Despite these concerns, and the negative picture that World Giving Index data paints, I do also think that it is important to also recognize Turkey’s strong democratic, civic and secular tradition. A diverse and complex nation, I would not want to reduce the contemporary story of Turkey’s formidable, if embattled civil society to playing the role of meek victim to the states aggression. Another story emanating from Turkey this week about a campaign in which Turkish men have been wearing mini skirts in response to the sexual assault and murder of a young woman and more broadly against violence against women. The sense of balance I am calling for is bolstered by recognizing the great work of the many thousands of Civil Society Organisations (CSOs) across Turkey.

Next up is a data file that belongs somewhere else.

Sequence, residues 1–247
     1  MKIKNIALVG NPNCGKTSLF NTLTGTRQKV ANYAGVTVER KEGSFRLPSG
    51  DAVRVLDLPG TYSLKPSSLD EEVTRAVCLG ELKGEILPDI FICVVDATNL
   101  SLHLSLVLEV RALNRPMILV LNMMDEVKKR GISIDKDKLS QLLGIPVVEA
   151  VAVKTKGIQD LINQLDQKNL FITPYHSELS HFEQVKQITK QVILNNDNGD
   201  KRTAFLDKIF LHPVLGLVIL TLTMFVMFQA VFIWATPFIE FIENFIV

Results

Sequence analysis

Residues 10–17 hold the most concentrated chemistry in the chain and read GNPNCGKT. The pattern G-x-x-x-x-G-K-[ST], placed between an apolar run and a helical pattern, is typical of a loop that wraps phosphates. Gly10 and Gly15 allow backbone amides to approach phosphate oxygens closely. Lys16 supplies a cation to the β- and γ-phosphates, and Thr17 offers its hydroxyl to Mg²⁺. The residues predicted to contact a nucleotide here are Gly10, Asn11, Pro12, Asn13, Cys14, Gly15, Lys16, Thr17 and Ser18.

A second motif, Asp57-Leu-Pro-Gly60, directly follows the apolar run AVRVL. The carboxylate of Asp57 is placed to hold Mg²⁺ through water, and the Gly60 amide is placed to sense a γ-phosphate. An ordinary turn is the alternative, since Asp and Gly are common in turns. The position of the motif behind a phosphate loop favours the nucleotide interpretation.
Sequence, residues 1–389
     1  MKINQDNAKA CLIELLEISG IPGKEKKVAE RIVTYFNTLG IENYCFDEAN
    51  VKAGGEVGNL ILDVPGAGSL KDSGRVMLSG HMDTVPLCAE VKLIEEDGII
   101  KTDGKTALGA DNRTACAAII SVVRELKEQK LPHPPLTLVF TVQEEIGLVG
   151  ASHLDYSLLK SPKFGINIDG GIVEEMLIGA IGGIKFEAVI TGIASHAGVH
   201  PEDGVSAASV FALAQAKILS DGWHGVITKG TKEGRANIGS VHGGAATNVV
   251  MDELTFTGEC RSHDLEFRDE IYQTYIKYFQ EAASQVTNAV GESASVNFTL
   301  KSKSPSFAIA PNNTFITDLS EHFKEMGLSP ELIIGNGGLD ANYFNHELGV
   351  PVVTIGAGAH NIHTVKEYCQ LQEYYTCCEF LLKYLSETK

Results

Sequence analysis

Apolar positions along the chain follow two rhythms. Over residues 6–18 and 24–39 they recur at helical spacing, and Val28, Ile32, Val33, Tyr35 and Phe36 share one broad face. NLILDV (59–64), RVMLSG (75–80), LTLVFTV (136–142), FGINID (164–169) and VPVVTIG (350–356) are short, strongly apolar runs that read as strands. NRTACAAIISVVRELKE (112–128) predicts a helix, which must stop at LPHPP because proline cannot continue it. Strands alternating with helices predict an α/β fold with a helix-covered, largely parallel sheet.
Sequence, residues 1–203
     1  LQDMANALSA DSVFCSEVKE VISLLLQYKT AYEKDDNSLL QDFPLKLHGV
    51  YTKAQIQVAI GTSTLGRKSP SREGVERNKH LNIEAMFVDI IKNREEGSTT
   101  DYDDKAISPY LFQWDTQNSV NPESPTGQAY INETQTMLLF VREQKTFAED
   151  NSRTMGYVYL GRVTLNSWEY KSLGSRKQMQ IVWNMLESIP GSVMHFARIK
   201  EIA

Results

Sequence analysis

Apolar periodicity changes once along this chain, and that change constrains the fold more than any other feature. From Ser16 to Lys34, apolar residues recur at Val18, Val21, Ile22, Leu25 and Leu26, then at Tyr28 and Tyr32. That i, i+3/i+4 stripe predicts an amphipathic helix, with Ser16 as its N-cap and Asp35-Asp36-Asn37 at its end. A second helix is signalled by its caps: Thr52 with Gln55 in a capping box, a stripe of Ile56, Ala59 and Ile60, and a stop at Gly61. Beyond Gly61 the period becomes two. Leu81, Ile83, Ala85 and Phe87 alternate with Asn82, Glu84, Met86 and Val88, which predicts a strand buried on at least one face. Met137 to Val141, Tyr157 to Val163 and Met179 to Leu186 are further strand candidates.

That being said, as I explained to the World Giving Index Panel in Ankara, CSOs are clearly suffering from a lack of financial support and engagement (in terms of volunteering) from the public. Only 12% of Turkish people reported giving money to charity in the past month according to the 2014 World Giving Index, compared to a global average of 28%. Only 5% reported having volunteered and 38% said they had helped a stranger in the last month compared to global averages of 21% and 48% respectively. Overall that gives Turkey a World Giving Index Score of just 18% leaving it languishing in 128th place out of 135 countries covered in the index this year.